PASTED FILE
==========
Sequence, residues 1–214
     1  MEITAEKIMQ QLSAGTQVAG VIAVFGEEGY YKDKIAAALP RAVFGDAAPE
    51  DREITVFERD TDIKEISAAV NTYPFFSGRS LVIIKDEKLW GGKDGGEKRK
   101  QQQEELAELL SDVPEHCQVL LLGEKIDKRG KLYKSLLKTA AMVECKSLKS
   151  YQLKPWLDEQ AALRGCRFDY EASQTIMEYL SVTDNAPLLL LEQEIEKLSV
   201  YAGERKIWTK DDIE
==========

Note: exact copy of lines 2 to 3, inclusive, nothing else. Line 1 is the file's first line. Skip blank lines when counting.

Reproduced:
     1  MEITAEKIMQ QLSAGTQVAG VIAVFGEEGY YKDKIAAALP RAVFGDAAPE
    51  DREITVFERD TDIKEISAAV NTYPFFSGRS LVIIKDEKLW GGKDGGEKRK